NASSAU, Bahamas -- Sepp Straka was home in Alabama preparing for a big week of golf matches at his club, a friend's wedding and the SEC Championship game. And then Tiger Woods couldn't play in the Bahamas because of a foot injury, and Straka had a change in plans.
It worked out OK for him.
The replacement for Woods managed six birdies at rain-soaked Albany for a 3-under 69 that gave him a share of the lead at the Hero World Challenge with defending champion Viktor Hovland, Tom Kim and Collin Morikawa.
Straka was first off in the pro-am, the time usually occupied by Woods. He was paired with Justin Thomas, who typically plays the first round with Woods.
Did he get anything else from the tournament host?
“The iron game wasn't as good as his, but maybe rubbed off a little bit on me,” Straka. “So yeah, that was nice.”
Hovland was the only player to reach 4 under at any point before a bogey on the 16th. He is trying to join Woods as the only players to win this holiday event back-to-back.
Hovland is staying with Morikawa again. A year ago, Morikawa had a five-shot lead and needed a win to reach No. 1 in the world when he shot 76 in the final round and Hovland rallied with a 66 to win.
And then there's Kim, the 20-year-old rising star from South Korea who already has won twice on the PGA Tour and delivered on a big stage in the Presidents Cup. His week began by meeting Woods for the first time — “It was really cool. I have to pinch myself a little bit,” he said — and then he somehow went bogey-free at Albany.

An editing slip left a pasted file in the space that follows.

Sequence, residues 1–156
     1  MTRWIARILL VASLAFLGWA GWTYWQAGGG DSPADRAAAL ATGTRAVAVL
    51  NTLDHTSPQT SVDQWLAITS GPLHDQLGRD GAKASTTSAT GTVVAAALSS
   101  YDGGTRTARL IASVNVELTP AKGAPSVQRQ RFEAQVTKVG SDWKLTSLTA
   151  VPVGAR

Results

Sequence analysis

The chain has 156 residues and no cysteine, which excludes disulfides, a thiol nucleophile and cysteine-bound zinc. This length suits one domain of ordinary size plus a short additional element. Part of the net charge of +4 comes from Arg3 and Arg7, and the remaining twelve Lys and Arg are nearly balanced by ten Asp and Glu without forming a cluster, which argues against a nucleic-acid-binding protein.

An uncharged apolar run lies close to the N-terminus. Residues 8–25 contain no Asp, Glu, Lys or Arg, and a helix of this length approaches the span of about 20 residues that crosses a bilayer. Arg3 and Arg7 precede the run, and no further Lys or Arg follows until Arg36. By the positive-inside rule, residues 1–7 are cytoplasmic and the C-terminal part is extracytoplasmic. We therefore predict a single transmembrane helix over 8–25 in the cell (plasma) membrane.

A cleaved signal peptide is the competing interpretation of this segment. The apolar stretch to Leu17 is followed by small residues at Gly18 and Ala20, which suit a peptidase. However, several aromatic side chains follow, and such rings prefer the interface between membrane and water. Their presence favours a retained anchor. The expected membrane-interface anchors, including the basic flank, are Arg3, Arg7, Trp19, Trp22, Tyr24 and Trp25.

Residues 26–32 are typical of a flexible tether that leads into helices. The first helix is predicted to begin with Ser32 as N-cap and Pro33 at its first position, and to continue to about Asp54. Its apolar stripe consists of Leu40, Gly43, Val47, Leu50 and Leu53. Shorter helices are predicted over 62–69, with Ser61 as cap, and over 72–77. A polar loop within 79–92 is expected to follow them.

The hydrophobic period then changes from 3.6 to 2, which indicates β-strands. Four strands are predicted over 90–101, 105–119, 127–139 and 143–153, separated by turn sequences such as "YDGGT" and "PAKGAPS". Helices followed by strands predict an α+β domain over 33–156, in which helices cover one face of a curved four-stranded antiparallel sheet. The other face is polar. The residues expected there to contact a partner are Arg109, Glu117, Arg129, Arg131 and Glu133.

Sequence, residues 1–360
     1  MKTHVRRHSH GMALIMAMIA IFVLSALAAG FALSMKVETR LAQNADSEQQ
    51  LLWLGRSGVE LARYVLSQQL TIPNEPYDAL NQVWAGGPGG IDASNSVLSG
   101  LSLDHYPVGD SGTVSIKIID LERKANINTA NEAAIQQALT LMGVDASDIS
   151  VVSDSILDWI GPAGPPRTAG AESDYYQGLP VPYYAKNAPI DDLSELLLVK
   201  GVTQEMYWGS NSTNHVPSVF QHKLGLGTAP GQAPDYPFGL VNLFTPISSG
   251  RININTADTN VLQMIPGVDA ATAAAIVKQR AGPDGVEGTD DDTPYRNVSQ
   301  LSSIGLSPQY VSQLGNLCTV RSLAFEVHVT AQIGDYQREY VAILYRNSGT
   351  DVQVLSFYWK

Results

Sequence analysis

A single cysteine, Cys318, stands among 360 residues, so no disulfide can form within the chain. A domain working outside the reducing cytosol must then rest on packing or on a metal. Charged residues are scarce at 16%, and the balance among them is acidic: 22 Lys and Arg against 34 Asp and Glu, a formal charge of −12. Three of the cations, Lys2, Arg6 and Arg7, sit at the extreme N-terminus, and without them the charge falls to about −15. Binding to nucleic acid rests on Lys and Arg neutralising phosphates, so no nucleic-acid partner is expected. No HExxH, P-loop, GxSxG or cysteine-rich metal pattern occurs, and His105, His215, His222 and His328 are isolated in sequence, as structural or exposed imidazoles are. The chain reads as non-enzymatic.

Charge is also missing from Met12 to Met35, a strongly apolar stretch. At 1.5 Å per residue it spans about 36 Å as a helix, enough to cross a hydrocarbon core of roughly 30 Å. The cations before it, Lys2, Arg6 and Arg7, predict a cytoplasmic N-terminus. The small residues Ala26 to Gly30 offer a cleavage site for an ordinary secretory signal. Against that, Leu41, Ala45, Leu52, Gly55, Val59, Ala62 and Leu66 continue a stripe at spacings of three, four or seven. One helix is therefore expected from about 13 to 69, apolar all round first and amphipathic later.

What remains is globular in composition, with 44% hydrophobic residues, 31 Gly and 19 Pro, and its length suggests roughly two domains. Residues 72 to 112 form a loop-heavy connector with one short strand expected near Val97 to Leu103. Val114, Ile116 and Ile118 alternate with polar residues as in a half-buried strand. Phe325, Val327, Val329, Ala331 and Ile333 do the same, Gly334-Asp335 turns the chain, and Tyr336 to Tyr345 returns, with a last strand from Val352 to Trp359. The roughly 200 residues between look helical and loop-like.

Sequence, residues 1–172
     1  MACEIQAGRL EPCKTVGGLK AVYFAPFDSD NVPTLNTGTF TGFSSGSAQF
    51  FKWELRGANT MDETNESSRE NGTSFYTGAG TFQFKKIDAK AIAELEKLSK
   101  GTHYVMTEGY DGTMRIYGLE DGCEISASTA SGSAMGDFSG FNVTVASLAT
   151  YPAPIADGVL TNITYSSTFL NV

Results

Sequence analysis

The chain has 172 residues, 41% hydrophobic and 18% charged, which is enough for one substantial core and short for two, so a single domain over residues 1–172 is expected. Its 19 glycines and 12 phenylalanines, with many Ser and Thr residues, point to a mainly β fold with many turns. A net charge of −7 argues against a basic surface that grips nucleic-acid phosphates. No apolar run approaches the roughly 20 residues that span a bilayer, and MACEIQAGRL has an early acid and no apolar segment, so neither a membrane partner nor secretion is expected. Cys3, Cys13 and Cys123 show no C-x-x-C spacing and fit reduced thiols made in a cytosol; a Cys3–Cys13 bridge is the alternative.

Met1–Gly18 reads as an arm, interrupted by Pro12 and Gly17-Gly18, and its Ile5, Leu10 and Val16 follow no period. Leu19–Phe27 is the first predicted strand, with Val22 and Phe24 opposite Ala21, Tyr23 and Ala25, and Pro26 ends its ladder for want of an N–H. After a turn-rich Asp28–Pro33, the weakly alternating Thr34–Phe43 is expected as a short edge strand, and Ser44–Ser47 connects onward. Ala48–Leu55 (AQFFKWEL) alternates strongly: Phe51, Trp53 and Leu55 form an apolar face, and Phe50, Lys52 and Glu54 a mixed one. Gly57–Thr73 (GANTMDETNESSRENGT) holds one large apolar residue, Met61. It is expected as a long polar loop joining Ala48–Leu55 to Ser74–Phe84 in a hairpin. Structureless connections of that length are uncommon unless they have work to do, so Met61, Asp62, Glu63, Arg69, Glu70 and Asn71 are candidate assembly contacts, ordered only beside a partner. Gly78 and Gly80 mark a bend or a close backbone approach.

The course typically yields low scores, except for rain that left foot-deep puddles in some of the sandy areas and made chipping difficult from tight lies on soggy turf.
Kim was superb with his short game. He was in the front bunker on the par-3 17th and clipped the shot of muddied sand with such speed that it checked 3 feet from the hole.
Cameron Young, who came within inches of an ace on the hole, smiled at his father and said, “He's allergic to bogeys.”
Young, the PGA Tour rookie of the year and one of seven newcomers to the elite, 20-man field, had a 71 and was among only eight players who broke par.
Straka is the only player to have never played in a Ryder Cup or Presidents Cup at Albany. He is No. 29 in the world, a winner for the first time at the Honda Classic, earlier in the year, and had no intention of being in the Bahamas.
He is a member at Shoal Creek, and this was the week of the club matches against Greystone. J.T. Poston, a two-time winner on tour, is getting married on Friday. The big day was Saturday, when Georgia plays LSU in Atlanta.
He was about to tee off Monday afternoon to get ready for the matches when the call came in to say Woods had plantar fasciitis in his right foot and would not be playing.
It was an easy decision for Straka, who was born and raised in Austria and moved to Valdosta, Georgia, when he was 14, played at Georgia and bounces seamlessly between German and Southern in speech.
“It was a huge opportunity and just awesome to be here,” he said.
Masters champion Scottie Scheffler, a runner-up at the World Challenge last year, had a 72. He needs to win to get back to No. 1 in the world.
As for Woods, he kept up his presence at the tournament spending time in the television booth. He has not played since the British Open in July.
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